LONDON (Mar. 27)
A provisional committee met last night in the home of Lady Asquith to discuss plans to further a movement for the establishment of libraries of German books condemned to flames in the Reich by Nazis.
Prince Huburtus von Loewenstein, author, who was among the ## present at the meeting, urged collecting and publishing of ## by German refugees in Paris and London and suggested the extension of this plan to New York.
Others present included Lord Marley, the Labor peer, who recently returned from a tour of the United States; Louis Golding, noted British Jewish novelist; Mrs. J. B. S. Haldane and Ellen Wilkinson, British journalist.
Dr. Kantarowicz, secretary of the new German library in Paris, reported that emigres from the Reich had collected valuable material, which is now being held in hundreds of small archives throughout Europe. These collections, representing over two hundred thousand documents, will be assembled at the Paris library, he declared, and will be available soon to scientists and men of letters.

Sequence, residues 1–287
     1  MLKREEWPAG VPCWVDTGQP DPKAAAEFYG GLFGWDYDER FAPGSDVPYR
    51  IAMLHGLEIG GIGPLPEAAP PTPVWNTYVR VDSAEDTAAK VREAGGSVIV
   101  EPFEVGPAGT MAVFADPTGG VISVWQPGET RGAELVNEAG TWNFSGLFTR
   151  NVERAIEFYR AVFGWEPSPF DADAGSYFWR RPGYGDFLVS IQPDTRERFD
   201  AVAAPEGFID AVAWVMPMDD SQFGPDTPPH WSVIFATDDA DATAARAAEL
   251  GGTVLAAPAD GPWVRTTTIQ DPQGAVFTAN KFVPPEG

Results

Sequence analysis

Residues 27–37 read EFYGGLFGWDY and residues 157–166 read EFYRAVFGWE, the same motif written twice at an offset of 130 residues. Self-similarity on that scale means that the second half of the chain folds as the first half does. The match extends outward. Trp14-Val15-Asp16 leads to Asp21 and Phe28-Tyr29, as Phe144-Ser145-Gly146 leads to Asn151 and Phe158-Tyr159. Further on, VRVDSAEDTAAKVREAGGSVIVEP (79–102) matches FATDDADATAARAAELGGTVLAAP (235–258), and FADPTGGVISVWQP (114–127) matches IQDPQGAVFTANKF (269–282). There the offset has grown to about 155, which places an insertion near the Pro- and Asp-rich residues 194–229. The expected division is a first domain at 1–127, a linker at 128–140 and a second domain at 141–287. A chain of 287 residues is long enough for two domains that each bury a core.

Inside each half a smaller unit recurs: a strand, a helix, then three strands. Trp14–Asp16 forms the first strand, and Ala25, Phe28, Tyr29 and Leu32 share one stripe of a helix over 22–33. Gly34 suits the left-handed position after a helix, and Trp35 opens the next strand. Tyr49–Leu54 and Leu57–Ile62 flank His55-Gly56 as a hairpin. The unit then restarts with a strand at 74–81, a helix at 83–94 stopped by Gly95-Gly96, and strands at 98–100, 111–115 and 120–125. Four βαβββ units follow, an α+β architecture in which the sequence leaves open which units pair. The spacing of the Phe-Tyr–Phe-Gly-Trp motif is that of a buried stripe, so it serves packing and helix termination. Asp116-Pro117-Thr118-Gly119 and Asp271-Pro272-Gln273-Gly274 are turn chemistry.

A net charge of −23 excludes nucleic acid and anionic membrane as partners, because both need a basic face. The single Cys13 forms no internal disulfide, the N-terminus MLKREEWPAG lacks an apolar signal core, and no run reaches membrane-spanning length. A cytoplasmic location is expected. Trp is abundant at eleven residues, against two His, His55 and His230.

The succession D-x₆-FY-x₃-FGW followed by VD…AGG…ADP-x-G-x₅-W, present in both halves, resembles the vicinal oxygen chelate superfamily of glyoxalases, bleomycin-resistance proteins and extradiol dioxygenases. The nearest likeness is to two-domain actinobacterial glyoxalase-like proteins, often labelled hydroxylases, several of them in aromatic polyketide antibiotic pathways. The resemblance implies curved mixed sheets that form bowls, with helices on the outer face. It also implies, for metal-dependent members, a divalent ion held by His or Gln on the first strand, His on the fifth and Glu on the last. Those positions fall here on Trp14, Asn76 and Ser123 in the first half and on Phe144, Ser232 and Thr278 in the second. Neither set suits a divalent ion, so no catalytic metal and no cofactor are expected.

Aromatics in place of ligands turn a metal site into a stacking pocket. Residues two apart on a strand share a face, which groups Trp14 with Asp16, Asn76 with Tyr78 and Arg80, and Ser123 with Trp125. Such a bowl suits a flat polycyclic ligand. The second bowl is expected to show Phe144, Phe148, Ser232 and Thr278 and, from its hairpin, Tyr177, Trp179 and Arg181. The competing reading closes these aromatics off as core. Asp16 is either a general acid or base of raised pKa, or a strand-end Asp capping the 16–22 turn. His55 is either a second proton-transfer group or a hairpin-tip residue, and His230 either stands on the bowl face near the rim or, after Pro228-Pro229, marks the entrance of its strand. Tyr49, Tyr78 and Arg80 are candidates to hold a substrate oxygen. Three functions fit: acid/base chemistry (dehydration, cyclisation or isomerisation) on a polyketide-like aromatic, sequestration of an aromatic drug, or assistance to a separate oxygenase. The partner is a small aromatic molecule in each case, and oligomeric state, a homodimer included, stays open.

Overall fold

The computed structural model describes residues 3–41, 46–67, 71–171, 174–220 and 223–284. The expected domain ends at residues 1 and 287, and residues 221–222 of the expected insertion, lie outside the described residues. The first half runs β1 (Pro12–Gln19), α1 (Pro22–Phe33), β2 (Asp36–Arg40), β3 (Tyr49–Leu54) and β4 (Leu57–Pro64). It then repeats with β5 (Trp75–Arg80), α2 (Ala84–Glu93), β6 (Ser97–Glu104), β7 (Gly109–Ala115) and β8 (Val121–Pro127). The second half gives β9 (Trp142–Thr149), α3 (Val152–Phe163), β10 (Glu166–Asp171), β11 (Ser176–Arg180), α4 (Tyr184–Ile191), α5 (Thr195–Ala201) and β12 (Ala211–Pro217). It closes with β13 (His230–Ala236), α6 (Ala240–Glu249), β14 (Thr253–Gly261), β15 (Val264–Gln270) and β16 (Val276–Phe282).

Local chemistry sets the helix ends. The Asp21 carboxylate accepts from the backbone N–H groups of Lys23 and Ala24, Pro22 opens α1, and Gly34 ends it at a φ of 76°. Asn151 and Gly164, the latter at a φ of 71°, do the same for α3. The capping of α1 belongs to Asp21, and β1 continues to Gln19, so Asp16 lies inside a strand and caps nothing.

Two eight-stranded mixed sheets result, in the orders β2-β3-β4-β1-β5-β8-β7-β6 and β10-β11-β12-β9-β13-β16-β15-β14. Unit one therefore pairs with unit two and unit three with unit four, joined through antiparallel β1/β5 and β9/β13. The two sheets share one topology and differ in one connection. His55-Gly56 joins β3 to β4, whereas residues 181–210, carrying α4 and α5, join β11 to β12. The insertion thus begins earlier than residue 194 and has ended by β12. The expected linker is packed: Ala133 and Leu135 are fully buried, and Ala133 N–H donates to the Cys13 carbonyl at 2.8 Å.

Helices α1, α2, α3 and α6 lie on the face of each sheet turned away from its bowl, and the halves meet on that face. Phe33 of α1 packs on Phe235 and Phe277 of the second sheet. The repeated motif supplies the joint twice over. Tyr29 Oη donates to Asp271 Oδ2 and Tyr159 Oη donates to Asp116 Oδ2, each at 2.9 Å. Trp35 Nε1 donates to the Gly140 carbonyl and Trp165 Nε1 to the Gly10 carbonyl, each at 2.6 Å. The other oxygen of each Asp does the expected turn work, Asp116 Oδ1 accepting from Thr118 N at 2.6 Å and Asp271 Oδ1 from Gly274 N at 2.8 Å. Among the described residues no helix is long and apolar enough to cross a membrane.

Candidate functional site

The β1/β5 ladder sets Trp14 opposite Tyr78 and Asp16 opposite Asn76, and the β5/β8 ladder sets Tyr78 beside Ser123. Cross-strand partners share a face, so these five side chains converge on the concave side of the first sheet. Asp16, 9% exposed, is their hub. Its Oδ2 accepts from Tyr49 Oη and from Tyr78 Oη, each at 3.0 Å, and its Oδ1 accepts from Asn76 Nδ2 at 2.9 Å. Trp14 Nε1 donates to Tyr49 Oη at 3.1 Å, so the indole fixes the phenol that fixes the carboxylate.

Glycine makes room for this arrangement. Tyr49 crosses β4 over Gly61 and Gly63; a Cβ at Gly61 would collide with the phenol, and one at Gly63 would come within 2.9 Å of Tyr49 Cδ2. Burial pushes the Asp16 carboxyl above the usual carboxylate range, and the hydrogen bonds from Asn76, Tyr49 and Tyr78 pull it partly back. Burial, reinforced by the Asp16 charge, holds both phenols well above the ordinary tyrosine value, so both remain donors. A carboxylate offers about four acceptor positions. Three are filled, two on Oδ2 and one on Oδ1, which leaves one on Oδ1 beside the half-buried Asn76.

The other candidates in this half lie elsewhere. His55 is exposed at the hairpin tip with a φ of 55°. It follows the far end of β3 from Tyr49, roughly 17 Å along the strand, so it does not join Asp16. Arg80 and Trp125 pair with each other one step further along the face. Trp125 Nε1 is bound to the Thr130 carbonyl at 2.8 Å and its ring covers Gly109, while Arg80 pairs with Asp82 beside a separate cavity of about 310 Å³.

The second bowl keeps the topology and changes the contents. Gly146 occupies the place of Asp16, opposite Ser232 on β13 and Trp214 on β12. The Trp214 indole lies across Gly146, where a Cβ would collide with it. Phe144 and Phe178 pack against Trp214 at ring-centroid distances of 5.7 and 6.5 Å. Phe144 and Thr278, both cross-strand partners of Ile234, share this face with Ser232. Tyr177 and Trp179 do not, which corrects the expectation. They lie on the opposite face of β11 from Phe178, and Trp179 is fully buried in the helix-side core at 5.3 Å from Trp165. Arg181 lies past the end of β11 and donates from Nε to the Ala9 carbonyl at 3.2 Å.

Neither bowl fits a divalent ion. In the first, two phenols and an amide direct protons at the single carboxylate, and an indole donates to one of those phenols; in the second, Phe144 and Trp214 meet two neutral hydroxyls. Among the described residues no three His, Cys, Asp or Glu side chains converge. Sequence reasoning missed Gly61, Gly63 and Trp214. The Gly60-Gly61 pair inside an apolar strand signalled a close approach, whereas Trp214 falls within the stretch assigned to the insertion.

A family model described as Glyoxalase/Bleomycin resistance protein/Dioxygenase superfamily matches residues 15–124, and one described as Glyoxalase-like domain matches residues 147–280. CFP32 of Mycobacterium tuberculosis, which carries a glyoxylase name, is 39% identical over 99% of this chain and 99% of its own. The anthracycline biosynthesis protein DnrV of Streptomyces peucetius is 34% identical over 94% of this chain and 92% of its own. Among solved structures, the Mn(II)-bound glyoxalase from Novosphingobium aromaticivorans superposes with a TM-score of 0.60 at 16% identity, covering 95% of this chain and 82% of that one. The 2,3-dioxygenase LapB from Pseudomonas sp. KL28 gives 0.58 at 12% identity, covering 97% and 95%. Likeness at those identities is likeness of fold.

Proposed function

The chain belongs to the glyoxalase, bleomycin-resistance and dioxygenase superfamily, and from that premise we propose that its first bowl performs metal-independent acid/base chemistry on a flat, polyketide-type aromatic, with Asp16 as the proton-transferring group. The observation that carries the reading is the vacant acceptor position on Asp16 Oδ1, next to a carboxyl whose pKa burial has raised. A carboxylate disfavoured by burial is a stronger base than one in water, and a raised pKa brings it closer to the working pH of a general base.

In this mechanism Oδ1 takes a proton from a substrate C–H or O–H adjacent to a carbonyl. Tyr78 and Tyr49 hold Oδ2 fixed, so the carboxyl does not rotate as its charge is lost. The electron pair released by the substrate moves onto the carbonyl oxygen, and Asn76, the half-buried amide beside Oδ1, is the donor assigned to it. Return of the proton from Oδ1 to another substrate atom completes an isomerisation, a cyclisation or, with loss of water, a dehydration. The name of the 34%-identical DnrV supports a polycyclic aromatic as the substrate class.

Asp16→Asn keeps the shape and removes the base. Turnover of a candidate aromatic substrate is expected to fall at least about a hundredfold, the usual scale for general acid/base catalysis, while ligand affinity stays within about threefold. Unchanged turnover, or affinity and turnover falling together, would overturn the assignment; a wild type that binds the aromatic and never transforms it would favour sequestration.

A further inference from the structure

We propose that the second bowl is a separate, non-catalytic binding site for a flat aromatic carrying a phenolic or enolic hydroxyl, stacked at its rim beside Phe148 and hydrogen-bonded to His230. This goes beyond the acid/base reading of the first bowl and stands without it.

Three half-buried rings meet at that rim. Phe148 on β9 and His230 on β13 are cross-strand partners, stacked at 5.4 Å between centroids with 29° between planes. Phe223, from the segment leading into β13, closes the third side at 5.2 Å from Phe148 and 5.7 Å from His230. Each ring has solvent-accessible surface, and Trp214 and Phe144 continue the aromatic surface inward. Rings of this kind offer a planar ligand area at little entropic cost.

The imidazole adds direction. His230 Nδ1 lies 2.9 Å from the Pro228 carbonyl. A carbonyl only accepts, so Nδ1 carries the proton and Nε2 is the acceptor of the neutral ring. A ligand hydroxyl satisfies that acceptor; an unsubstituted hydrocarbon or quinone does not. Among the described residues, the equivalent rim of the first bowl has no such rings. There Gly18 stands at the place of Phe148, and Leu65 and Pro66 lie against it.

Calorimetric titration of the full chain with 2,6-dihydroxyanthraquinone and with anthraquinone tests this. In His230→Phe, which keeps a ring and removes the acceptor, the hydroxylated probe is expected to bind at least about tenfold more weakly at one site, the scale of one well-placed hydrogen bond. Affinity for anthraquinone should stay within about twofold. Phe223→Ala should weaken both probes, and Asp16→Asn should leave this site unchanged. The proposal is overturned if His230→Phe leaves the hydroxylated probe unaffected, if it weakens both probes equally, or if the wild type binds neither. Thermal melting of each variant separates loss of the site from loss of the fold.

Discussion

Premises have been taken in Paris, to accommodate 15,000 volumes of cultural works by Germans from the eighteenth century to the present day. The library will be opened on May 10.